There could be no more resounding confirmation of the extent to which general internists have come to rely on radiology for their diagnoses than the survey conducted by Victor R. Fuchs and Harold C. Sox, Jr, and published in the recent issue of the journal Health Affairs.1 Given a choice of 30 medical innovations introduced in the past 30 years, 225 leading general internists were asked to consider how adverse the effect would be if the innovation was not in their arsenal. MRI and CT, it was revealed, would be missed the most.

It was an odd grouping from a physics perspective, but not a medical one. Though one operates on x-rays and the other on the magnetic properties of hydrogen, both modalities provide tomographic information about soft tissue structures in the body that a two-dimensional radiograph could not provide. Alternative to these would frequently have been exploratory surgery, a phrase that has nearly passed from usage during the past decade.

A total of four radiological procedures, in fact, were among the top five innovations rated by the internists: the aforementioned MRI and CT, balloon angioplasty, and mammography. ACE inhibitors and statins round out the top 5. Another two radiologycal procedures, ultrasonography at number 11 and bone densitometry at number 24, were among the list, which was selected by an electronic search of all articles published by the Journal of the American Medical Association and the New England Journal of Medicine in the past 25 years; the list was based on the frequency with which the innovations were the main subject of published manuscripts. Respondents were asked to consider the effect on the length and quality of life as well as the percentage of a physician’s patients who would be affected. The article is available for viewing at

Fuchs and Sox emphasized that the efficacy of a procedure was not the focus, but rather the greatest benefit to the greatest number of patients. In their discussion, the writers asserted that there was very little deviation among the respondents, underscoring the strong consensus in the results, which could in turn impact, they speculate, continuing education efforts, the deployment of medical resources, and investment in research and development. They wrote: “The importance that the internists ascribed to innovations in diagnostic and surgical procedures highlights the need to understand the scientific and technological foundations of advances in medicine. It may be that such advances are more dependent on research in physics, engineering, and related fields than on ‘medical’ research narrowly defined.”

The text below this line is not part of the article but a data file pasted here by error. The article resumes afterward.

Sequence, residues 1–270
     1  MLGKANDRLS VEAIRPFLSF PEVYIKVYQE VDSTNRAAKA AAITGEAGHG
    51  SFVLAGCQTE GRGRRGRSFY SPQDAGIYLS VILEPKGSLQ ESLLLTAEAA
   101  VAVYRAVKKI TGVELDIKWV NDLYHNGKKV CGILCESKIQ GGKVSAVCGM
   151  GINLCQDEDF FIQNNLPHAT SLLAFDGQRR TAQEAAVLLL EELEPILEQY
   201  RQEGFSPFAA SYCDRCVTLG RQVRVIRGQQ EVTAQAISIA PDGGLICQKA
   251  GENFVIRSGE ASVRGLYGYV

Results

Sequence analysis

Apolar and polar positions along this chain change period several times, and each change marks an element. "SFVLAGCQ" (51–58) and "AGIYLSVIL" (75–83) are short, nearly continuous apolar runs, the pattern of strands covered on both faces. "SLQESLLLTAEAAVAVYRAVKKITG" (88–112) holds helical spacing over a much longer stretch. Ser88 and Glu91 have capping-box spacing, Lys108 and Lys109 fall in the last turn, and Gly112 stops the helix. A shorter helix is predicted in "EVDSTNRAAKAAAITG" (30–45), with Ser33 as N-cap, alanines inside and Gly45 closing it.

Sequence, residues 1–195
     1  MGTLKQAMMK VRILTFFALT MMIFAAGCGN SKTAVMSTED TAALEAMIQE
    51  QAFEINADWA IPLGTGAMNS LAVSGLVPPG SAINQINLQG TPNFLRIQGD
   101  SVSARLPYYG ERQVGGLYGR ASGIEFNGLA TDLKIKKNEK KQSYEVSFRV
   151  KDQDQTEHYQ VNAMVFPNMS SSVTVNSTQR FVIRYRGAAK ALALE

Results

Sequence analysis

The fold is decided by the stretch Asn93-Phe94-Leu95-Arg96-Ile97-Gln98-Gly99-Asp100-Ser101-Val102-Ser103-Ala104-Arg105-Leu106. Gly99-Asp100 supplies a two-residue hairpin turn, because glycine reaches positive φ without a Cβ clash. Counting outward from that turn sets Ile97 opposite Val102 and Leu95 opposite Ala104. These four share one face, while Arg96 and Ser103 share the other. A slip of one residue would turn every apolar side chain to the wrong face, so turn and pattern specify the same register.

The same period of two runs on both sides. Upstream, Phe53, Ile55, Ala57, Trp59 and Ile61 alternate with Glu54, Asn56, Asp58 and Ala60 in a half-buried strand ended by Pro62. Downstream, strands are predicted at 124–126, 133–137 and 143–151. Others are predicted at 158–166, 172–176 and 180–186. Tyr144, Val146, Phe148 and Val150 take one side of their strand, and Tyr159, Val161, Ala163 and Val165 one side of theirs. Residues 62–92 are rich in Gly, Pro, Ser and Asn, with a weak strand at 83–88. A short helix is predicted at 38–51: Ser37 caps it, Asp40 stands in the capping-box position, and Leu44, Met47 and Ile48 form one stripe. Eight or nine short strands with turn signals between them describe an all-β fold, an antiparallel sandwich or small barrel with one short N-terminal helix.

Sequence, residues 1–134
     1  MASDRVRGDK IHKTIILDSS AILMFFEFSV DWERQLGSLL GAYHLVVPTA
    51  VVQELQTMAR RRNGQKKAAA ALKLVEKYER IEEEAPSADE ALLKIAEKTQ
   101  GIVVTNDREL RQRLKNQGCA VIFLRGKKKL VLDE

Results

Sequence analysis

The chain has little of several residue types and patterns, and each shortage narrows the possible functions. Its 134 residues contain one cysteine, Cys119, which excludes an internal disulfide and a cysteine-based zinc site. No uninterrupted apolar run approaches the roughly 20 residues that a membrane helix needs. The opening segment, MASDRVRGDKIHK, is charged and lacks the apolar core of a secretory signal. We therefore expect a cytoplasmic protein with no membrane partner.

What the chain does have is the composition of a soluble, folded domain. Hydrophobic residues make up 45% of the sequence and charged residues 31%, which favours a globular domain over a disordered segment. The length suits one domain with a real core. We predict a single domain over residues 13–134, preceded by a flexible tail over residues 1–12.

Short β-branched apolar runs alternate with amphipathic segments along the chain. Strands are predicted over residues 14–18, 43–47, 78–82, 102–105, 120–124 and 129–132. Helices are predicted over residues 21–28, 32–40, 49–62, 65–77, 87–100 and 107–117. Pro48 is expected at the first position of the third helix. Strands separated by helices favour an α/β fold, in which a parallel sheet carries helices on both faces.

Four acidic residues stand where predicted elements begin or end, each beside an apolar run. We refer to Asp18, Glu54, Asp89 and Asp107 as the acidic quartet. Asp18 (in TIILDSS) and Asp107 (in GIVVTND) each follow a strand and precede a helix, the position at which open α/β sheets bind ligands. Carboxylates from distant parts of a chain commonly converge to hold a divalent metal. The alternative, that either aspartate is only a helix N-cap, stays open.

As such, we salute the physicist, without whom none of the above innovations would have happened. It was the grandfather of all radiological physicists, Wilhelm Conrad Roentgen, who gave the world the specialty of radiology, and it is likely the physicist who will further enhance the technology that enables radiologists to see beneath the skin. When oncologist Julian Rosenman, MD, speculated in last month’s issue on the effect on outcomes if a highly tumor-specific scan could be performed with a spatial resolution of 100 ?m, it will likely be a physicist who will enable physicians to answer that question.

It is the department physicist who is charged with calibrating the radiologist’s tools to the specifications of a multitude and growing number of government regulations meant to ensure radiological safety. Having worked frequently with physicist authors over the past 4 years, I would like to add some details to their legend: They have an unswerving ability to deliver manuscripts on time, a gift for clarity, and impeccable grammar.

Just as there is no greater evidence of the value of the information radiologists provide, neither is there any greater proof of the physicists’ contribution to medicine itself than the radiological technology they have helped to create and maintain. If you have not taken your department’s physicist to lunch lately, then, at the very least, take a moment to shake his or her hand.

Cheryl Proval

[email protected]


  1. Fuchs VR, Sox HC Jr. Physician?s views of the relative importance of thirty medical innovations. Health Affairs. 2001;20(5):30-42.